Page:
[PEAK] protocols question

Phillip J. Eby pje at telecommunity.com
Mon Mar 29 16:05:41 EST 2004

At 10:44 PM 3/29/04 +0200, Gabriel Jägenstedt wrote:
>On Mon, 29 Mar 2004 15:14:01 -0500
>"Phillip J. Eby" <pje at telecommunity.com> wrote:
> > If for some reason you would really like to have 'adapt(Food,IEdible)'
> >
> > return a new Food instance each time it's called, then you should
> > declare an adapter instead:
> >
> > declareAdapter(lambda ob,proto: ob(), provides=[IEdible],
> > forObjects=[Food])
> >
> > This would cause each invocation of 'adapt(Food,IEdible)' to return a
> > new 'Food()' instance.  I don't know why you would want to do that,
> > but that would be how you couldd do it if you really wanted to.
>I know I must sound quite stupid by now, but I belive it better to ask a
>stupid question once(or three times) then be stupid forever.
>By the way you put it it sounds like if I call Food with adapt more then
>once I will get the same instance the second time.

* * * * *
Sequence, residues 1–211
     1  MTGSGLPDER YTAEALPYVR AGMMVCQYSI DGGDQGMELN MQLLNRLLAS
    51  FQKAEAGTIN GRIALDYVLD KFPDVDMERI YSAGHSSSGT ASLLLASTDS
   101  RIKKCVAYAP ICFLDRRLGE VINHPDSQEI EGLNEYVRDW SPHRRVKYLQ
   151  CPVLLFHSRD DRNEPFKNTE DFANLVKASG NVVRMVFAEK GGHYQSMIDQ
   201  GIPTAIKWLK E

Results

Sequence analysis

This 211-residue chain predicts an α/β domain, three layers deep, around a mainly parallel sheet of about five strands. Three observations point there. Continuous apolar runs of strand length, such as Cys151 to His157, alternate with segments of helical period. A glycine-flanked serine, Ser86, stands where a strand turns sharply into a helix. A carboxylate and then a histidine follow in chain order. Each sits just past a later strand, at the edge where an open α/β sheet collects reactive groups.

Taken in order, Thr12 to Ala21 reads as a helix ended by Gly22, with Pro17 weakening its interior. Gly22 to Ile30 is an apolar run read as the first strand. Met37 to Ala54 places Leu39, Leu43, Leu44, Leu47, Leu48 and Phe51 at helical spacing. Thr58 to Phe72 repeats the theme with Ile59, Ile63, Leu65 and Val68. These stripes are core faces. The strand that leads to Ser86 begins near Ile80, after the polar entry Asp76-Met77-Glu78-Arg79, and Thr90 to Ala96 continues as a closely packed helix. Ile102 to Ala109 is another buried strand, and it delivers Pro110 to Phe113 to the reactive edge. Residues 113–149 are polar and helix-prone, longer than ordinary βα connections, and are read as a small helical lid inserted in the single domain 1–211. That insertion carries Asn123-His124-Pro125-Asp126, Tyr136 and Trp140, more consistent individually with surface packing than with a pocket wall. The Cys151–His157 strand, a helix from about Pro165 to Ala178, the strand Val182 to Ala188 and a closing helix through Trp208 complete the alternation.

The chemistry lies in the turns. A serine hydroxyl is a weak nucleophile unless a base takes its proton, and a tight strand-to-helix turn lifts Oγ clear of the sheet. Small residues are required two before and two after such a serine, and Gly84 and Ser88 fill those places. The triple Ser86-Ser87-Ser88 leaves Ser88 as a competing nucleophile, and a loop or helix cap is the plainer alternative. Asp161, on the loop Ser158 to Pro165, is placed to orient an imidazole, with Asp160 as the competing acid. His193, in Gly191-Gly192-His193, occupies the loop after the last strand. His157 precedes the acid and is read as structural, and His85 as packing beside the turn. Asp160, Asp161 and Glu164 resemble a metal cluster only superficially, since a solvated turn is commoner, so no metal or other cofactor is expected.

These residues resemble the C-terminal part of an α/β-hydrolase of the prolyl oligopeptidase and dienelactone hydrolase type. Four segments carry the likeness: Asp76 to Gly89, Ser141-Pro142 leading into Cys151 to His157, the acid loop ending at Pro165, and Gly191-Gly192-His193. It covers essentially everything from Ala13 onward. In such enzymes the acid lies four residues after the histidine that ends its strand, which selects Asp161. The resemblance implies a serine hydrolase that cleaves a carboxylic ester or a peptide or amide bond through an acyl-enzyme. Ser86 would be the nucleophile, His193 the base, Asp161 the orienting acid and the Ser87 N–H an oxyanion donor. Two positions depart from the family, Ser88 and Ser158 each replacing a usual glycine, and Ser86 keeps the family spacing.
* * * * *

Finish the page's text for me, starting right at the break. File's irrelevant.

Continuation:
No.  The opposite -- it will return a new instance each time.

>How would this work in conjunction with wanting a different
>instance of food in different classes.
>class Chocolate:
>     components = [Food]
>class Strawberry
>     components = [Food]
>I don't want to affect the Chocolate when I eat the Strawberry.
>Unfortunatly it won't be so easy as to just adding an instance in
>Chocolate and one in Strawberry. Instead different components are called
>based on their Interface and only by method.

You probably want 'components=[Food()]', here, or to define an __init__ 
method that creates instances of the specified classes when an instance of 
Chocolate or Strawberry is created.
Alternatively, if you only want *one* instance of each class, then you 
should do something like this:

class _Food:
     # define Food class here

Food = _Food()

class _Chocolate:
     # define Chocolate
     components = [Food]

Chocolate = _Chocolate()

...and so on.

This is not necessarily the best way to do this, but it's the quickest for 
me to explain, and since it doesn't really relate to PyProtocols I don't 
want to delve into it further at the moment.

>something like: adapt(Food(), IEdible).method() each methods calls the
>next component in a generator. when the generator halts the instances
>are forever lost aren't they?

Right.  So don't do that.  :)

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